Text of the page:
Monday, June 7, 2010

Environment and Sustainability - Draft DOT Strategic Plan part 4

Department of Transportation Draft Strategic Plan

DOT sets ambitious goals to reduce emissions and “air, water and noise pollution and impacts on ecosystems;” establish environmentally sustainable practices that address global climate change; and promote energy independence. These challenges require new transportation solutions, DOT declares in the proposed plan.

The agency does not hesitate to lay out the environmentally awful statistics and the transportation sector’s role in contributing to them.

The transportation sector is a significant source of greenhouse gas (GHG) emissions, accounting for 29 percent of total U.S. GHG emissions in 2007. About 60 percent of transportation emissions were from passenger cars and light-duty trucks, about 20 percent from medium- and heavy-duty trucks, and about 12 percent from aviation.

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[A]s of 2007, some 158.5 million Americans lived in counties or regions that exceeded health-based national ambient air quality standards for at least one regulated air pollutant. Significant challenges remain, particularly as new national ambient air quality standards are revised to be more protective of public health. These challenges apply to individual neighborhoods, travel corridors, and local facilities as well.

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The President has challenged us to transform the way transportation serves the American people by encouraging transportation that is less carbon-intensive such as rail, and public transportation or transportation that produces zero emissions such as biking and walking.

Of course the draft strategic plan offers proposals for air and automobile travel, but in terms of public transportation, the plan imagines coordinated federal environmental policies and programs through the interagency DOT-HUD-EPA partnership, high-speed rail (though no one is talking about something akin the China’s mega investments), multi-modal strategies, reducing the energy consumption of transit, and encouraging state and metropolitan planning organizations (MPO), such as councils of governments (COG), to help reduce greenhouse gas emissions.

To accomplish the goals for reducing energy consumption, reducing greenhouse emissions, and reducing our national dependence on foreign oil, the draft strategic plan is proposing that public transportation systems continue to take advantage of the Transit Investments for Greenhouse Gas and Energy Reduction (TIGGER) Discretionary Grant (TDG) program, which is already at work replacing older fuel-eating facilities and vehicles with more environmentally-friendly models, buildings, and innovative technologies.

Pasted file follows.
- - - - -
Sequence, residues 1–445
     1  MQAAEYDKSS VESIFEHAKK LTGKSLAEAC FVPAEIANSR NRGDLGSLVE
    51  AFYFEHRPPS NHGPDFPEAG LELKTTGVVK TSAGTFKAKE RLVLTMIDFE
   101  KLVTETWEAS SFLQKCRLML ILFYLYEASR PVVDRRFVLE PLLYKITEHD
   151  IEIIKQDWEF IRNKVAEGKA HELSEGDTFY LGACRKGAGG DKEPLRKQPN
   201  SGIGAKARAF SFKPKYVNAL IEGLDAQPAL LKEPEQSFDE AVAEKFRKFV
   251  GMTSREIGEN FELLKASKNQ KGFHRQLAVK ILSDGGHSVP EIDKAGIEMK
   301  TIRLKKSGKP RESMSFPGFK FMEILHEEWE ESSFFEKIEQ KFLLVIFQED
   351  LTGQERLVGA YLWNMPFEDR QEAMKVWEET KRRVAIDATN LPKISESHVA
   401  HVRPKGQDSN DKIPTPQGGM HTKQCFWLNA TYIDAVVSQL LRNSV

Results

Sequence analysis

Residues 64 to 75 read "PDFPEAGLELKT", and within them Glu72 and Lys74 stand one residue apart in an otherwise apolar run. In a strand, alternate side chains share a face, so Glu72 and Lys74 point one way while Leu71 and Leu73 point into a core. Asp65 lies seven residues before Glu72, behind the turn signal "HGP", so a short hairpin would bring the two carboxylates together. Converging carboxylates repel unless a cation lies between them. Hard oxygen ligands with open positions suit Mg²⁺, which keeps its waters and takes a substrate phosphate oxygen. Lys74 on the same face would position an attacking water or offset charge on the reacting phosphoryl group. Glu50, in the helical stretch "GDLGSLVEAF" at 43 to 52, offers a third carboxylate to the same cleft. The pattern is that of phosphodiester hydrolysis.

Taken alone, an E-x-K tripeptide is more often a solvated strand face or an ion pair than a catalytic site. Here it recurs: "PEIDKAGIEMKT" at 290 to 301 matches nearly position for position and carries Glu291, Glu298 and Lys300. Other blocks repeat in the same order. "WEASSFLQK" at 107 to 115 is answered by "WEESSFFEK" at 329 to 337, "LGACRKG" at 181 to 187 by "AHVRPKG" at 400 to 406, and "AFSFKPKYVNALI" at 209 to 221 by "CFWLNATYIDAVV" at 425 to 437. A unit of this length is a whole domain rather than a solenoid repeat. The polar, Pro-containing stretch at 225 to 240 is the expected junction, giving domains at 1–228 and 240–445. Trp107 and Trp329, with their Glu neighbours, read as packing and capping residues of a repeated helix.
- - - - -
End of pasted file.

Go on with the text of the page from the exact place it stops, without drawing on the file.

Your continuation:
The obstacles to realizing the environmental goals are pretty much the same obstacles to realizing many of DOT’s other goals in the proposed plan: questions of sufficient funding, particularly continued use of the federal gas tax, and technological and market-based problems with switching technologies, especially in connection with automobile use.

DOT is also proposing strategies for becoming a more environmentally-responsible federal agency with ambitious goals for its own buildings, equipment and office practices. For DOT employees this will mean practices that literally extend all the way to office garbage. These strategies include compliance with the Guiding Principles for Federal Leadership in High Performance and Sustainable Buildings LINK, better stormwater practices, working with HUD and EPA to locate federal buildings in alliance with the administration’s livability principles, reducing staff travel through video and web conferencing technology, maximizing recycling, and eliminating paper wherever possible.

Putting its money where its mouth is, DOT is requiring its staff to “[w]ork with local government entities to improve transit service and neighborhood amenities around DOT field offices and headquarters.”

Remember that DOT comment invites the public to comment on its proposals. Read the draft plan sections that interest you and respond to DOT.

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